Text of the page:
Legislative Daily Reports

03/31 - Day 40: Another Session in the Books

Day 40: Another Session in the Books
63721 on 3/31/2021

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Following a lengthy Day 40, the 2021 session of the General Assembly wrapped Sine Die Wednesday night (Senate) and early Thursday morning (House). The highlight of the day was the final FY2022 budget, which was unveiled Wednesday afternoon. The budget looked very similar to the versions passed by the House and Senate over the past few weeks. There were very few differences between the House and Senate versions passed, with the most notable being a $5 million addition for school nutrition. The House had that allotment in their budget while the Senate did not, and ultimately the House prevailed. There was no change in the QBE amount from the House passed budget, with a minor increase over the Senate's version. 

Also of note is the amount in the budget for testing. In their budget, the Senate completely reduced the amount to administer the Georgia Milestones, while the House fully funded it ($5,315,882). In the final version a compromise of $2,313,876 was settled upon.

While most of the noteworthy education bills, including the expansion of the special needs voucher, were finalized earlier in the session, the following bills were voted on Wednesday:

Senate Approval of House versions: 

SB42 - This  original version of this bill removed student discipline data from the school climate rating. The final version kept that data in school climate ratings, and requires districts to post their student discipline data and report on their website. Late in the session, the language from the "Dexter Mosely Act" was added to the bill. That language allows home school students to participate in extracurricular activities at their local school. Home school students must be enrolled in at least one class to participate in any activity. 

SB246 - The Learning Pod Protection Act

House Approval of Senate versions:

HB282 - Revises the definition of contiguous when referencing timberland property.

SB59Raises the charter school supplement amount for local charter schools

HB287 - Requires tobacco and vaping products be added to current drug and alcohol courses for grades K-12 

Back and Forth:

HB32 - Creates a tax credit to attract teachers to teach in rural and high needs areas.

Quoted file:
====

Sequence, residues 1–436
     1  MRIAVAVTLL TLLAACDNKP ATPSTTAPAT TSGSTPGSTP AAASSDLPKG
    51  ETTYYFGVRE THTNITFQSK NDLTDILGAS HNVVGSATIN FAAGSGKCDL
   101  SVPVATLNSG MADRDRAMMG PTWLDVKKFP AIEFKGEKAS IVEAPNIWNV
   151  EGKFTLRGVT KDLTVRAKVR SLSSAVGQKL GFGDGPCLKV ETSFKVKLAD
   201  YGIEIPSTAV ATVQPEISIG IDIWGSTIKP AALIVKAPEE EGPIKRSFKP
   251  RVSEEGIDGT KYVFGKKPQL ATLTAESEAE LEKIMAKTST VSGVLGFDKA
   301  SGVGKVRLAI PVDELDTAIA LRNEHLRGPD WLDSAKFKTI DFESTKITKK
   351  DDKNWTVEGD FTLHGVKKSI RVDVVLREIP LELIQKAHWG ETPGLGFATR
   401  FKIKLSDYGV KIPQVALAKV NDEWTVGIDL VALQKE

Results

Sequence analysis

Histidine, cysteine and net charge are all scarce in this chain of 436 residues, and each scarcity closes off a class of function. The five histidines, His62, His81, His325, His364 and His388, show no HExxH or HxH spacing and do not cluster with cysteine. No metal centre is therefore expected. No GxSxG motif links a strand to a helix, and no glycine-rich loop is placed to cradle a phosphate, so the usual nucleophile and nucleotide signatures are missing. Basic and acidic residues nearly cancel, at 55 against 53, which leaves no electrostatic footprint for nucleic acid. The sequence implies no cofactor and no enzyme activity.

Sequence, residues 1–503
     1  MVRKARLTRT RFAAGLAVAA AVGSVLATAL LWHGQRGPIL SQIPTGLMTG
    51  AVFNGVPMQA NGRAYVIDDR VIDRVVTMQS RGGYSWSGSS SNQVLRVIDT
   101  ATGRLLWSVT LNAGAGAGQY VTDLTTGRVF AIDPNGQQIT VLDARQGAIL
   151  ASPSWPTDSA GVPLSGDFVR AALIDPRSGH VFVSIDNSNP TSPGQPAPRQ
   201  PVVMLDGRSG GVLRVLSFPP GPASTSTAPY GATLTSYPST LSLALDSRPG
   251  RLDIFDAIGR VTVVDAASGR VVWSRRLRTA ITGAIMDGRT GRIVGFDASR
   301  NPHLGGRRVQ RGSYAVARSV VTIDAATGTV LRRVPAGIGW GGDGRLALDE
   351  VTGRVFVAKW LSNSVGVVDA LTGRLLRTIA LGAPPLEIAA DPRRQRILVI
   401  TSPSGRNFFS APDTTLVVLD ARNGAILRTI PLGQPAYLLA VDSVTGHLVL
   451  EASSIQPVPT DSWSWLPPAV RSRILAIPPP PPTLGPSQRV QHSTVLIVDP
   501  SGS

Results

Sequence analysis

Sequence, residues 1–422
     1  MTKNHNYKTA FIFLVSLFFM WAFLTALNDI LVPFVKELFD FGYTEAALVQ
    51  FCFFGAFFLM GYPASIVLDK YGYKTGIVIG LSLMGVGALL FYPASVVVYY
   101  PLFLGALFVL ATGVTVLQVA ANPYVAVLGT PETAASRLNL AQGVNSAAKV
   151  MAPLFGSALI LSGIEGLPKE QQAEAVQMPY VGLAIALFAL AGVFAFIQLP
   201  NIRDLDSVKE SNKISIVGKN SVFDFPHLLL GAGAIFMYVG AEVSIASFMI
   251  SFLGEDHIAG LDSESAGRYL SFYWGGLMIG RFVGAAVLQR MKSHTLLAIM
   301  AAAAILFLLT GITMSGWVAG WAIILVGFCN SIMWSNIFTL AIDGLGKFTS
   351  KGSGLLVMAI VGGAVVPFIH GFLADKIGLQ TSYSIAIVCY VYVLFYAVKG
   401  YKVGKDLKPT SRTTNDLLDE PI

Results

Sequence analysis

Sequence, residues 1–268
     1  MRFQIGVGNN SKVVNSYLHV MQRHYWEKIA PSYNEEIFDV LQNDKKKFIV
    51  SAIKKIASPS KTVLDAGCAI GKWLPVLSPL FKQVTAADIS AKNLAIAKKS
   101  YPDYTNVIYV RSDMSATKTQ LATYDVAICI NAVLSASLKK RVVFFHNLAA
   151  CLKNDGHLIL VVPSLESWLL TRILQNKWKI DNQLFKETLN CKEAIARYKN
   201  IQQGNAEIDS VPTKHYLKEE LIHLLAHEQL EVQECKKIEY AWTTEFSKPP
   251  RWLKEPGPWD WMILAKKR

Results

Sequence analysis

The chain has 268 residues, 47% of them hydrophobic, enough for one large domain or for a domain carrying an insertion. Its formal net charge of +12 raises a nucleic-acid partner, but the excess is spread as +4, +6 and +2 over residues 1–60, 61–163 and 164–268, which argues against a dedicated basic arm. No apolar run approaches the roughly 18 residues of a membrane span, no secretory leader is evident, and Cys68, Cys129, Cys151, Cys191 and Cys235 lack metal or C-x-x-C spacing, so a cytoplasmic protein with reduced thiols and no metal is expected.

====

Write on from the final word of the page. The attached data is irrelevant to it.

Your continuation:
These bills, as well as ones previously passed, now head to Governor Kemp for his signature. 

03/29 - Day 39: The Penultimate Legislative Day

Day 39: The Penultimate Legislative Day
by Grace Kim on 3/29/2021

Today is Legislative Day 39, the penultimate legislative day. The Senate started with a floor calendar that was 4 1/2 pages long and then added more bills around dinner time. The House started the day with two floor calendars but it had four calendars by the end of the day. 

Bills that were in 'agree/disagree' mode popped up throughout the day. These are bills that pass one chamber and get changed by the second chamber. The first chamber can agree or disagree with the changes made by the second chamber. If the first chamber agrees to the changes, the bill passes and goes to the Governor's desk. If the first chamber disagrees, a process is set in motion that usually ends in both chambers appointing a conference committee to iron out the differences. 

The Senate passed the following education bills:

  • SB47- The Senate agreed to the House's version of the Special Needs Voucher bill. While it is disappointing that this voucher expansion bill passed at all, swift passage is better than the bill going to a conference committee or passage of the the Senate's larger version. This bill will now go to the Governor's desk.
  • SB153 - This bill moves the GOAL Academies from the State Charter Commission to the Department of Education and continues their current level of state funding through the schools' current charter. The Senate agreed to the House's version of this bill. It will now go to the Governor's desk.
  • HB134 - This bill excludes meetings on cyber security contracting and planning from open meetings requirements. The Senate passed HB 134 unaltered, so it now goes to the Governor's desk.